I played with the recipe a bit. I used half honey and half maple syrup, and added a bit of allspice and cinnamon. I also omitted the whey since the pickle-it doesn’t really need anything to jump-start the fermentation process. I also let it ferment for a week, instead of the three days.
The other thing I did was to make my own tomato paste. It was a first time thing for me and while it took a long time, the effort was truly worth while. So when my orchard store had paste tomatoes in the seconds area, I bought them. I estimate that the box contains between 25 and 30 pounds of tomatoes. Cost $16
Making paste was the most time-consuming and intimidating part of the job. It’s not something everyone will do. But consider that most tomato products are canned in BPA lined cans. While you could certainly use the 3 cans of organic tomato paste the recipe recommends, I chose to go the extra mile (or 18 hours as it were).
Making my own paste brought the price up considerably from what someone would buy in the store. But for me, this isn’t about price. This is about knowing where my food comes from and making sure it is a high quality product. If you are concerned about price, then just make sure you buy organic tomato paste.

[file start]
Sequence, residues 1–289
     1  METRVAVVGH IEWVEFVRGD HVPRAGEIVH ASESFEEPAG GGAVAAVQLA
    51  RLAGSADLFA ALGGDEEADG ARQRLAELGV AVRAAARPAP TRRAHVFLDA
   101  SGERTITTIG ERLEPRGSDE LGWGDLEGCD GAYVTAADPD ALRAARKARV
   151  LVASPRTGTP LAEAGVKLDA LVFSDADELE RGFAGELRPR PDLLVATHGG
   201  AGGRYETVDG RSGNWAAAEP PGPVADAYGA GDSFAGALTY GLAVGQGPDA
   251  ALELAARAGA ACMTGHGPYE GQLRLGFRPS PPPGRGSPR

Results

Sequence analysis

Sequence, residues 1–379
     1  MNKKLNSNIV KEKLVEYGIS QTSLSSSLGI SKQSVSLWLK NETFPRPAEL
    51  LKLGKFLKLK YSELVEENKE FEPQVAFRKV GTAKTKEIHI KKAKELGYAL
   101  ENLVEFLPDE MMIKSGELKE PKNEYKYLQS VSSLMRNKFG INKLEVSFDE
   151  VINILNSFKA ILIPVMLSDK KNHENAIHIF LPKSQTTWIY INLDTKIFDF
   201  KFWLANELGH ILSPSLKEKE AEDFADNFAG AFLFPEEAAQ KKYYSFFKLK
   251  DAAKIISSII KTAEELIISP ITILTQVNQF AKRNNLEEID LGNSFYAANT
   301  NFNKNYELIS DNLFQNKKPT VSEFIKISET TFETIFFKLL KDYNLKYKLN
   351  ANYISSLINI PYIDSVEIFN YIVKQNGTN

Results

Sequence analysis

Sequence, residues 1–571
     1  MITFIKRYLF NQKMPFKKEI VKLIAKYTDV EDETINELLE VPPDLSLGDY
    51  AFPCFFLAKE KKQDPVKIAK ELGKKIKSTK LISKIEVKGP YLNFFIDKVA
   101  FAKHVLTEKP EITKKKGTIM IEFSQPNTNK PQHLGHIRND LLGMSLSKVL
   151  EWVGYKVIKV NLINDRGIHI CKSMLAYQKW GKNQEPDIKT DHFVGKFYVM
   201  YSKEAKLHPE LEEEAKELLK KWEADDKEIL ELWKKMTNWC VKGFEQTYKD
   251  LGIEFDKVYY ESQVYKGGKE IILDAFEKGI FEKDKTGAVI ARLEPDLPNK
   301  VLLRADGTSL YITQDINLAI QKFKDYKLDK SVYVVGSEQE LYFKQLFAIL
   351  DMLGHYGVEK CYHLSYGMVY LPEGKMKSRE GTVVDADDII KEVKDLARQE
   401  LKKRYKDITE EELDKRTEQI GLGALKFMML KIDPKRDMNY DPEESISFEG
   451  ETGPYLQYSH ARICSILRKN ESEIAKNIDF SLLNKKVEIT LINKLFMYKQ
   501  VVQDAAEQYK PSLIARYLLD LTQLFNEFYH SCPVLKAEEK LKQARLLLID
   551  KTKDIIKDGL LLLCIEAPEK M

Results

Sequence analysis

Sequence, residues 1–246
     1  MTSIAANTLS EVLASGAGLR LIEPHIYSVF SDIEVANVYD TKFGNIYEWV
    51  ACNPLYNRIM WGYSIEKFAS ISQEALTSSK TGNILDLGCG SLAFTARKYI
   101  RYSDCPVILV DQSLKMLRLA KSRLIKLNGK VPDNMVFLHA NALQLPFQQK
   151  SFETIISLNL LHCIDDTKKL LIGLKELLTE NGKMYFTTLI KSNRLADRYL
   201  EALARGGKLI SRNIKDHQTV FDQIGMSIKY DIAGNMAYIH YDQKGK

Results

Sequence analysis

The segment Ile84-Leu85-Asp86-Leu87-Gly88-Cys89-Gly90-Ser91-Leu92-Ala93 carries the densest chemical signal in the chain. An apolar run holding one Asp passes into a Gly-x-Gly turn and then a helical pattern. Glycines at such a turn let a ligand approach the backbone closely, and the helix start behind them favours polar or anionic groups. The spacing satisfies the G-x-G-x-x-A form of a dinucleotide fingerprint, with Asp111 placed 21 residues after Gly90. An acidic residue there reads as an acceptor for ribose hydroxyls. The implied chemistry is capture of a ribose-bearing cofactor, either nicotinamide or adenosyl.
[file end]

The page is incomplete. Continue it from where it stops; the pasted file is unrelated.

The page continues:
My first job was to blanch and skin the tomatoes, cut them in halves and get rid of any bad spots. Luckily, there weren’t many bad spots on the tomatoes.
The first job is simply to cook the tomatoes down until they are softened and releasing their juices. The stock pot I used was about 22 gallons. So this first part took about an hour and a half. It required regular stirring for about the first 45 minutes until enough water was released to make sure that nothing burned.
Some people like to squeeze as much juice out as possible for this next step to make the cooking down process go faster. I tend to like all the juices and flavors to stay in the end product and I’m willing to compromise by extending my cooking down period. But the next step is to food mill the tomatoes and break them down while separating most of the seeds out.
Unfortunately, I ended up breaking the legs off of my food mill this time. I was able to finish up the process, but I’m going to invest in a much better food mill for my future cooking endeavors. One thing I did this time was to double mill the pulp that was left over. I got a lot of extra pulp by doing that and minimized the amount of waste.